Saturday, August 13, 2005

For the Birds

I think birds are cool. I watch them all the time.

At my former office I overlooked a home, if you will, for turkey vultures. Basically, they would land on the ledges of the building opposite me and hang out. In time I became quite a turkey vulture aficionado.

The turkey vulture is a graceful bird, although with a face only a mother could love; a turkey vulture mother, that is. Audubon described the turkey vulture as one of the most acrobatic of fliers and, having observed the flights of many turkey vultures at close hand, I would agree. They are both graceful and acrobatic.

But, more than flight, vultures display a complex social behavior. There are teenage vultures. Yes, I know that's frightening. Teenage vultures exhibit all of the delightful behaviors of teenagers: pushing, shoving, insulting and distain for authority.

I watched teenage vultures every day pull pranks on each other: pushing a sleeping vulture off a ledge, pecking a pal when his back is turned, pulling tail feathers and pooping on friends resting on the ledge below.

After a particularly good prank, on the vulture prank scale, the prankster would hunch his wings as if laughing. I could just hear the Beavis and Butthead huh-huh-huh as the wing "shoulders" shrugged up and down.

Over time I learned that vultures go through a specific wing ritual when landing. They stretch their wings way out then fold them in using two folding maneuvers. As I watched them land hour after hour I found that I could mimic their landing routine. Also, I learned how to hop and hang my head vulture-like.

Could it be that the vultures were watching me, too? I conducted some experiments where I would stand on my desk next to the window and mimic vulture movements anticipating that they would do the same. At times I thought they were looking at me, but I failed to obtain consistent results.

Once I was standing on my desk, arms outstretched, head hung low and doing the vulture hop when my boss walked in. Apparently he stood in the doorway for some minutes before clearing his voice, audibly, and remarking "Uh, what cha doing, Bill?"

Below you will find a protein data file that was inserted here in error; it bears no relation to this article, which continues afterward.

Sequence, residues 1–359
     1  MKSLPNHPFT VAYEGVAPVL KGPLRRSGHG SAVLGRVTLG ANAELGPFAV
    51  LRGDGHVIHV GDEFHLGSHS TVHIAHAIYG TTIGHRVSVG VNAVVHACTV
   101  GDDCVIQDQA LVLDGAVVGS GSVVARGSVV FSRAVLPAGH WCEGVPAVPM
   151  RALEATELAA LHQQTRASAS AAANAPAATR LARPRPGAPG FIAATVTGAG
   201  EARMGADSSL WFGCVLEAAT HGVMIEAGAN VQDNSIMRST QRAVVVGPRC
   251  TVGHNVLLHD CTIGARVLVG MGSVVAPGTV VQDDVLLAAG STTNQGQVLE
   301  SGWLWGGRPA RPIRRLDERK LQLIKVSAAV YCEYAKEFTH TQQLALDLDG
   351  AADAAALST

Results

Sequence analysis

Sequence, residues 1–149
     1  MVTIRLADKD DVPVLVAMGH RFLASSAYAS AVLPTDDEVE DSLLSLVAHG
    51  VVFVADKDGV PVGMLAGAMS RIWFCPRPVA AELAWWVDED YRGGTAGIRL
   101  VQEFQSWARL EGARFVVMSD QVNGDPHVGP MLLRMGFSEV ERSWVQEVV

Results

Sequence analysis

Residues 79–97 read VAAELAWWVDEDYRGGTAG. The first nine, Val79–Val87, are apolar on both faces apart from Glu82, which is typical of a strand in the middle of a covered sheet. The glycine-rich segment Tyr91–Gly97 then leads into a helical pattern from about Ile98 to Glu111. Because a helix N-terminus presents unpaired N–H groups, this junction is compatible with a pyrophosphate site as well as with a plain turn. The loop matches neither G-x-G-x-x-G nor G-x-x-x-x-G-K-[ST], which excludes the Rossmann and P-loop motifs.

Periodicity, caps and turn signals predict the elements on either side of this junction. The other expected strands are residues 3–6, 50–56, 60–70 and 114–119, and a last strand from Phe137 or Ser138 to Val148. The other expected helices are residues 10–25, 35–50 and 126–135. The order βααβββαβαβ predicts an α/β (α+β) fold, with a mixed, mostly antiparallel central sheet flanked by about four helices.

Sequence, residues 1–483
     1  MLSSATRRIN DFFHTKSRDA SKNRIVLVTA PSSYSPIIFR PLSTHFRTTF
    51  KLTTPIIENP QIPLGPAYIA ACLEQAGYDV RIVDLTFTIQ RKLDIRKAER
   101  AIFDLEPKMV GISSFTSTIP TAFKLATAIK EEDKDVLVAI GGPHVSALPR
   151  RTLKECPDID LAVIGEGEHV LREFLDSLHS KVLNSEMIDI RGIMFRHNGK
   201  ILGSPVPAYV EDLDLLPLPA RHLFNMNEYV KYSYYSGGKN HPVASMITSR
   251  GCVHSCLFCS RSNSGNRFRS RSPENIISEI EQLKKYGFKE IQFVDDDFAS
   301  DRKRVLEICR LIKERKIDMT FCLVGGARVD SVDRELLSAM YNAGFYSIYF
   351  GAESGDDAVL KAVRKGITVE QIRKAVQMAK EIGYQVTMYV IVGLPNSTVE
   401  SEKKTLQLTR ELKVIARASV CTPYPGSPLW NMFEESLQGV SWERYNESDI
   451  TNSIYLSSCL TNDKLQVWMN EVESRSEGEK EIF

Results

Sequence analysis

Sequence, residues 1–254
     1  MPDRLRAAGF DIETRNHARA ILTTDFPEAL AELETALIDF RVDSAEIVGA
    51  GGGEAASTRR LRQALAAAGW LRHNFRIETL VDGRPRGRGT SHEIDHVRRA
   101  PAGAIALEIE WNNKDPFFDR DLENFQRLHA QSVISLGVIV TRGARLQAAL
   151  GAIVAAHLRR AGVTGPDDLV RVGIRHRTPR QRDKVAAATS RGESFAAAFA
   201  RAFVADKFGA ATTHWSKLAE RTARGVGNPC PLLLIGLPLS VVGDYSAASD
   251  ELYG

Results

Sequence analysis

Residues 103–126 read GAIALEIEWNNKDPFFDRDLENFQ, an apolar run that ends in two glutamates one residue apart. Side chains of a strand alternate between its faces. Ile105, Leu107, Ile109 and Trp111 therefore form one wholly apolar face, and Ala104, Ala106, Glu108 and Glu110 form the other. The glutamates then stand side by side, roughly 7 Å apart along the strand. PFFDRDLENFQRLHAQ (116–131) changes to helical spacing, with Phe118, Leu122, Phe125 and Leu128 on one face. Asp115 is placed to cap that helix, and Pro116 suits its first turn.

I turned around, arms still outstretched and thought: "Merde." I tend to think in French when I'm in vulture-mode. Don't ask me why.

"Uh, well, um, er, you see, ah, I'm estimating the size of the database we're building."

"Oh," the boss looked speculative.

"Yeah, I think it's going to be *this* big," and I held out my arms wide, "and I think response is going to be like this," and I hopped up and down a little.

"I tried this before with great results," I continued, and I hopped up and down for emphasis.

My boss looked reflective, then turned to me and said, "Make sure you write this up and send it to R&D. You could be on to something here."

I folded my arms into my armpits vulture-like and hopped expertly down from the desk. I heard the boss shuffling down the hall to cause trouble elsewhere.

Slowly I turned to look out the window. Several of the teens were on the ledge watching me. Suddenly one of them outstretched his wings and hopped up and down. The other vultures watched and started hunching their shoulders: laughing.

"Ha ha," I mouthed, but this seemed to set them to hunching faster. Very funny, I thought, very funny indeed.

I flapped my arms a bit and did my best vulture dance. Then the teen with outstretched wings turned sideways to me and held out a single wing feather.

I couldn't believe it. I was being flipped off by a vulture. It was too much. I lowered my arms, grabbed my bag, turned off the lights and shrugged off to the elevator.

Much later at home I heard a familiar refrain: Hey, what's for dinner?

"Chicken," I replied, "lots and lots of chicken."

Kroger's, it appears, doesn't sell vulture.

1 comment:

Paz said...

Hmmm... Never heard of turkey vultures before. You wrote on Pille's blog that you're in Texas. Is this where you've seen the vultures? They sound very interesting to watch.

Paz